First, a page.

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A change forever for our Rona

Hello again. Now I come to a part in our lives when they would change forever. It was around 4.30am one June morning in 1992, and it was a lovely morning and being June it was light with a faint hint of sunlight, and I was awakened with, what seemed to be a long distance away. calling my name.

A voice,

I eventually realised it was not a dream and I ran to the bathroom and there my lovely Les was lying on the floor in horren- dous pain, his head bleed- ing from where he hit it on the bath as he collapsed, I managed to get in there, I grabbed a lightweight duvet to cover him then I rang for an ambulance which arrived quickly and they seemed to be sitting outside our drive for ages before they drove off with him to the hospital.

Of course I realised later those were the crucial mo- ments the ambulance peo- ple took were saving my Les’s life.

The total desolation I felt after he had been taken away, well! I cannot even begin to describe it; my Lovely Les was fighting for his life in hospital. I telephoned


around 6.30am I did not like to do that too early, but she was soon by my side, and yes in so many ways she still is. It is really lovely and re- assuring to know that my two stepdaughters, my son, and myself still do get on so very well together thirty five years on and continuing.

30 However weeks went

by and Les was improv- ing, he still enjoyed taking our black Labrador for his leisurely walks every day, and the exercise was good for Les too, and Yes! We still had our lovely lives to- gether, and I was still work- ing but only part now (just four hours each morning for five days). We were still very happy with our easier lifestyle, and I could never ask for a nicer, more caring and easy to love man, he was so very patient with the tests and things that he had to en- dure.

His heart attack I believe was extremely serious, and he coped with mountains of pills each day, but you know I never remember him “moaning” about any of this.

I am, as promised show- ing you a few photos of us with the grandchildren, a couple are taken at our daughter’s home in South Wales, Linda had taken Les and me there for a ‘day out’ I am holding the two little girls, one was Hannah and the other was Alex, born within a couple of months of each other, and the other one of me holding Alex with Les standing behind me. Poor old Les seems to be looking up at the sky for some kind of assistance, we laughed many time at his expression in this one. You will notice from the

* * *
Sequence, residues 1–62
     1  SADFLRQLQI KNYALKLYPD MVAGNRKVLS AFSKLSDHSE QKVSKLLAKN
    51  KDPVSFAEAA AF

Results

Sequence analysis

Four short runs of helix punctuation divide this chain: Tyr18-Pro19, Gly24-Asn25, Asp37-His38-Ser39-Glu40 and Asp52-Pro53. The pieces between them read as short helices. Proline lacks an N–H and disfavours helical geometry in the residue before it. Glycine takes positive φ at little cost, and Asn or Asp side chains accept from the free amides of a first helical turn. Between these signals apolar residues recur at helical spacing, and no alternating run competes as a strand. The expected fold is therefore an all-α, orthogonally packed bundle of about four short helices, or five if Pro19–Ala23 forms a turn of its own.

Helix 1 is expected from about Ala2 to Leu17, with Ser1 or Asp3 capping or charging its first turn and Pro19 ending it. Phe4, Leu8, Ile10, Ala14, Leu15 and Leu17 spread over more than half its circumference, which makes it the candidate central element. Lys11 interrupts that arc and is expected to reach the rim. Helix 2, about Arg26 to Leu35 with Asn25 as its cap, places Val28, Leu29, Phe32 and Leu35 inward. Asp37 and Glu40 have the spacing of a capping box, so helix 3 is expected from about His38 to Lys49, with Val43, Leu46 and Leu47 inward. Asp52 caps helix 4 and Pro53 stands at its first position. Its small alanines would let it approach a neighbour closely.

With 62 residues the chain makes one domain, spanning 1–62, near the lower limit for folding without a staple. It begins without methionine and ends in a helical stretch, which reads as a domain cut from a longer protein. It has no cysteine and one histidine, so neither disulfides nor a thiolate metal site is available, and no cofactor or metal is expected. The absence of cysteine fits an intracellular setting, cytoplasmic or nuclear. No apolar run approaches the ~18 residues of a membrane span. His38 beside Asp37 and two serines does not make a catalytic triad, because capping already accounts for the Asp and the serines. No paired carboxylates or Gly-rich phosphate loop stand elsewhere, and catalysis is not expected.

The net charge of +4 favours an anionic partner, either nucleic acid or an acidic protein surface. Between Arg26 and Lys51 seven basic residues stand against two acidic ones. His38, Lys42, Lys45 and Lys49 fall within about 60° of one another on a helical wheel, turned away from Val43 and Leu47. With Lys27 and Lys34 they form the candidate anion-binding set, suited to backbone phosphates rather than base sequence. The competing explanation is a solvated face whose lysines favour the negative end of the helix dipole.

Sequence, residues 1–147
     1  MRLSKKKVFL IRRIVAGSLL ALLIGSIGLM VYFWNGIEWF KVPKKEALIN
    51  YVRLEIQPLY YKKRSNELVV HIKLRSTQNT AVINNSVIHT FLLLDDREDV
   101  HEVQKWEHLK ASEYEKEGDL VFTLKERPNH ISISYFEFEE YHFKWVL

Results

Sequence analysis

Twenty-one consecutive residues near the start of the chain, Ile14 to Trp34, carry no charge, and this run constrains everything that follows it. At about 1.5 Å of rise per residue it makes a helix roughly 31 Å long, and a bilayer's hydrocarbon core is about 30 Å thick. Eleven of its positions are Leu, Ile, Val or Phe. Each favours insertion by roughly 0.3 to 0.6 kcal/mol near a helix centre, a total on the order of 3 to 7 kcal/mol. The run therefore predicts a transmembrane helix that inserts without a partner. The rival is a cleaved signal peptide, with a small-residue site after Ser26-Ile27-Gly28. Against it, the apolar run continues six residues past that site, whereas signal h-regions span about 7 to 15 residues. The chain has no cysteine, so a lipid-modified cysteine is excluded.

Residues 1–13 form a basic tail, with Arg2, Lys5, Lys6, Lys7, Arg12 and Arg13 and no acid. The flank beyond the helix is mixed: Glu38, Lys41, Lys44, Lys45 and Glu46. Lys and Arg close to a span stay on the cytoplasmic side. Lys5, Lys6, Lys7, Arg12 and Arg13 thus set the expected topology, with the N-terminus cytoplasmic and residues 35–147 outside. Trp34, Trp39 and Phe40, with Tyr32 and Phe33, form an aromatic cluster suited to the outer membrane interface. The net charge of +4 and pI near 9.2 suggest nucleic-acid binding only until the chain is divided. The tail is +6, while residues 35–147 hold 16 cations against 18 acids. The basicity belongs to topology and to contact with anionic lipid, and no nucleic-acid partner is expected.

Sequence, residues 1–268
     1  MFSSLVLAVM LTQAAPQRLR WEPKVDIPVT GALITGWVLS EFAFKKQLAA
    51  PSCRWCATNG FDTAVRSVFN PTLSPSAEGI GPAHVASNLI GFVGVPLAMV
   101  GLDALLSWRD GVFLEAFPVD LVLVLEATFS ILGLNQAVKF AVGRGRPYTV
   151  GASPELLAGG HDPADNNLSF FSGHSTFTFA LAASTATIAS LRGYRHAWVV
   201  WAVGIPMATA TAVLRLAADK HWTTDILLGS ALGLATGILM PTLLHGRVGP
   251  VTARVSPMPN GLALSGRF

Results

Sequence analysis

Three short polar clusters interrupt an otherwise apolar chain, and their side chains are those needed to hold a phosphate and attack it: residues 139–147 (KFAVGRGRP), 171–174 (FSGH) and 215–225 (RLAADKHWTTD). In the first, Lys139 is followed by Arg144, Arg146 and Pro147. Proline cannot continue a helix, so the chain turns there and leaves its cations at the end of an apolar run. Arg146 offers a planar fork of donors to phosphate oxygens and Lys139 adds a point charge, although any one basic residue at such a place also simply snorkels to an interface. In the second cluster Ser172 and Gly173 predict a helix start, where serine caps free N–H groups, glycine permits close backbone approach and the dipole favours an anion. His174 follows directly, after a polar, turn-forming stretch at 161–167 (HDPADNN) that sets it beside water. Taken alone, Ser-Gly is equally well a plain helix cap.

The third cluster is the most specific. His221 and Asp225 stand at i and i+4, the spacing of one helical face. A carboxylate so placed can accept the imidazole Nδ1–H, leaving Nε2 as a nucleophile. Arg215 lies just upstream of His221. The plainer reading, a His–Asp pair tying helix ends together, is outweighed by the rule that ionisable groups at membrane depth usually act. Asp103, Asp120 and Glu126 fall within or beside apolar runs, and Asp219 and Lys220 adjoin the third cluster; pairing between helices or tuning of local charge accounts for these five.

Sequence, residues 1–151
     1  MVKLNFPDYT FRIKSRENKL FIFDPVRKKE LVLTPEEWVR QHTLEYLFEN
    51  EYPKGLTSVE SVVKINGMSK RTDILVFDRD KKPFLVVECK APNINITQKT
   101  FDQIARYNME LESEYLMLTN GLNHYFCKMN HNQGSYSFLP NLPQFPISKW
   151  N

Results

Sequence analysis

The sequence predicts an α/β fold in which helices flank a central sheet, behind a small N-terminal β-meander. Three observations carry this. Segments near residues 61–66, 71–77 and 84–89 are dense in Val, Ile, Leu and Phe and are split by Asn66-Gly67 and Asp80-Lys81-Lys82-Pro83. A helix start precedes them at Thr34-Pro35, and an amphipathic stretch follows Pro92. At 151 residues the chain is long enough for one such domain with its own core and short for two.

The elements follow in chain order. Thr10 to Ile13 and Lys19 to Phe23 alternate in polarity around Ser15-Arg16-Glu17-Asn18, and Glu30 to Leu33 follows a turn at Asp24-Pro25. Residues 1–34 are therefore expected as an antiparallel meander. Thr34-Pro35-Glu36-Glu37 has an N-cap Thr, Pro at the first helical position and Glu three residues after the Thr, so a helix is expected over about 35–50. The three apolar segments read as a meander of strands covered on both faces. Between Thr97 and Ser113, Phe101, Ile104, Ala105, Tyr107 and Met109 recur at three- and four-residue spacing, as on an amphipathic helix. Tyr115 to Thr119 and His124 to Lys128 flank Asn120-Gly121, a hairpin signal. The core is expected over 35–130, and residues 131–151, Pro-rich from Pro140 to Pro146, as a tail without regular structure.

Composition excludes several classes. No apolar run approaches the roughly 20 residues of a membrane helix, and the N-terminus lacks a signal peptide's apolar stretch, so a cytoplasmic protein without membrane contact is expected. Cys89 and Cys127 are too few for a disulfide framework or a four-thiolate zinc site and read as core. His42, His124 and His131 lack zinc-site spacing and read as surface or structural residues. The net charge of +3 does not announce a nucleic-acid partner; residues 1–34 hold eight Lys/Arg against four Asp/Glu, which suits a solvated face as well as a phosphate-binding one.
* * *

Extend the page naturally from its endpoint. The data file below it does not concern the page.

little photo that I am show- ing to you of Les, poor old lad he did begin to look a little older after his ordeal but he would not give in to

Australian minister has Wellington roots

Dear Editor, writes Geoffrey Gold of Melbourne, Austral- ia, I am researching one of Australia’s interesting early political leaders, Mr John Basson Humffray, who was a democratic agitator on the Victorian goldfields and became the first Minister of Mines in any of the Austral- ian colonies.

In the census of 1851, Humffray (a solicitor’s writ- ing clerk) and his younger brother

Frederick, were

lodgers at 21 Walker Street, Wellington. This was the home of Mr John Revell Phillips, his wife Jane and their daughters Elizabeth and Jane.

In 1852, John Humffray (previously of Newtown, Wales) married Elizabeth in the Parish Church, Wel- lington. They migrated to Melbourne, Victoria, on the Star of the East in 1853. I’m wondering if any of your readers might be re-

lated to the Phillips and had any family records of Eliza- beth and John.

One mystery about the Humffray brothers I’d like to clear up is why they appear to have changed their name from Humphreys when they left Newtown for Wellington. Perhaps someone could identify

also the

house as mentioned. (EDI- TOR: Can you help? Then please write to The Welling- ton News.)



His condition eventually took its toll, his breathing became erratic, and on this particular morning which was Sunday, I helped him with his breakfast most of which he did not really want at all, it seemed that all and everything was far too much trouble for him, all he wanted to do was try to sleep, and this was such a trial to him also.

Now I will finish here and tell you more next time as you can probably im- agine, I am feeling just a little upset at this moment in time.


The writer of the letter Once upon a time a 1930’s tale, has written in response to the letter from Max Plimmer. Originally the memories of MY Chirstmas was written for my family because I felt that they were special. One of them suggested that others might find them interesting because they were unique. Neither I, or the Welling- ton News, suggest that they were typical of the times. The title supplied by the pa-

per shows that. Perhaps Max Plimmer would like to collect and share the memories of his remaining relatives and friends who were around in the ‘30s, and tell how they enjoyed Christmas in their way, so that

the younger

readers of the paper do not assume that everyone’s fa- ther had a Daimler car and a granny with a cook, ate chocolates and wore frilly dresses. He can make them

his Social Statement. I did not intend one.

Thank you, Editor, for your kind invitation to write more of my memories of trips in the Daimler. Perhaps one day I will, but I would prefer to write of the lives of two of the Yorkshire masses and their struggles to be- come able, later, to provide jobs for more of their kind so that they could live more comfortable lives, e.g. Olive the cook.

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